Interesting observations, Dave, and clearly Clarice is trying to put some distance between herself and her past. How much of that is driven but doing what she thinks she needs to do to succeed in FBI training and how much derives from consciously (or subconsciously) separating herself from the traumas of her past, hard to say, probably both.
Your comments made me think even more about the connection between Clarice and Buffalo Bill. While he is sewing a physical female body suit, Clarice is adopting an emotional ‘male’ suit in trying her best to tough it out in FBI training, so both have an experience of wearing a ‘mask’.
Finally, that Marcus Aurelius line Lecter quotes — “Of each particular thing, ask ‘What is it in itself? What is its particular nature?’, that echoes the central questions I believe lie at the heart of virtually every movie: ‘Who are you? What will you become?’ The issue of Identity of Self is key to Clarice’s character, Buffalo Bill’s character, even Lecter’s character. He’s a psychopath, yet he serves as Clarice’s mentor.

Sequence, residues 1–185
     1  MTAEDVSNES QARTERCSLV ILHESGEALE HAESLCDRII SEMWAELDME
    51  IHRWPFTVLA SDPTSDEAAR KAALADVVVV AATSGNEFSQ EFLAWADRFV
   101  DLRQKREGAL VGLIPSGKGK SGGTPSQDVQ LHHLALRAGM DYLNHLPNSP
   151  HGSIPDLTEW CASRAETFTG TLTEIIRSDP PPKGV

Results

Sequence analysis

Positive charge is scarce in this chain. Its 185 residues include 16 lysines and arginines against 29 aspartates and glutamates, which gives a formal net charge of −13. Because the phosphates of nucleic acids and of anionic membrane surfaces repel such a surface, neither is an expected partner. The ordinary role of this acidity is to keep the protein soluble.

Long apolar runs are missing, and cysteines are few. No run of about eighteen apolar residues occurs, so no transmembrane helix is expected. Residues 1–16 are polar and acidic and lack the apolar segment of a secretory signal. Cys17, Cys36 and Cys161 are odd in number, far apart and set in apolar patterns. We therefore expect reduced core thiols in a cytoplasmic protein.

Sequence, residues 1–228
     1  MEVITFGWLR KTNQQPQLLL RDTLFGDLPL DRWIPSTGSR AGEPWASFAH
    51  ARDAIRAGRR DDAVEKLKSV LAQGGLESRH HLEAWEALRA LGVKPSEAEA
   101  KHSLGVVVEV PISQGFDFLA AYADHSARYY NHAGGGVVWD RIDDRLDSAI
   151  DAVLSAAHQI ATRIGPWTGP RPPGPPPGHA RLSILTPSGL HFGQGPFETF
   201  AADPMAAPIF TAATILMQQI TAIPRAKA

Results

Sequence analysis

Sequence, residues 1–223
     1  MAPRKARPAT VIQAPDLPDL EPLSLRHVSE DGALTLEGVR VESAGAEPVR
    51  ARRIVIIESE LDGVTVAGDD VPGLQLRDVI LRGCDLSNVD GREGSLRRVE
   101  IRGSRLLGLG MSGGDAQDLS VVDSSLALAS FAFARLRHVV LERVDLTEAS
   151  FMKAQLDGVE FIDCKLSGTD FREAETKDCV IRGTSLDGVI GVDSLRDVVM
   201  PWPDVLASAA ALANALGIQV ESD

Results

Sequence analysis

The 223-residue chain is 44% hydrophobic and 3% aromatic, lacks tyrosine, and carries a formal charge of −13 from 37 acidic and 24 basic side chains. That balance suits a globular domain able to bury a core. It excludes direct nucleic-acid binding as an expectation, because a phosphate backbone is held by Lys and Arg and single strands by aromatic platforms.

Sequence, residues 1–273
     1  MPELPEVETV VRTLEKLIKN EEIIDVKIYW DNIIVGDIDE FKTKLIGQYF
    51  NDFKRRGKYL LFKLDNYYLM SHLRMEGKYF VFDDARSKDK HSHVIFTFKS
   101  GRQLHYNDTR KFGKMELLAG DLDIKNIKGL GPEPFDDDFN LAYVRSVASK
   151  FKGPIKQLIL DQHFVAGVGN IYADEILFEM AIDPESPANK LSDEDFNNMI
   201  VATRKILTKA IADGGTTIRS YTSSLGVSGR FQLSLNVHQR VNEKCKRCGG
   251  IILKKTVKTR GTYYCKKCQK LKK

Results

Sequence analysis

It’s actually a great set of questions to ask of the characters surrounding the Protagonist when considering their respective narrative functions. What is Lecter’s ‘particular nature’ in relation to Clarice? He is a Mentor. What is Crawford’s ‘particular nature’ in relation to Clarice? He is a Trickster. The question has a particular meaning when working with a screenplay and the set of characters involved in the Protagonist’s life, reflecting how at their core, they provide a narrative function, and once having determined that function, we can interpret and develop that character looking through that specific archetype lens so they support and service the Protagonist’s journey.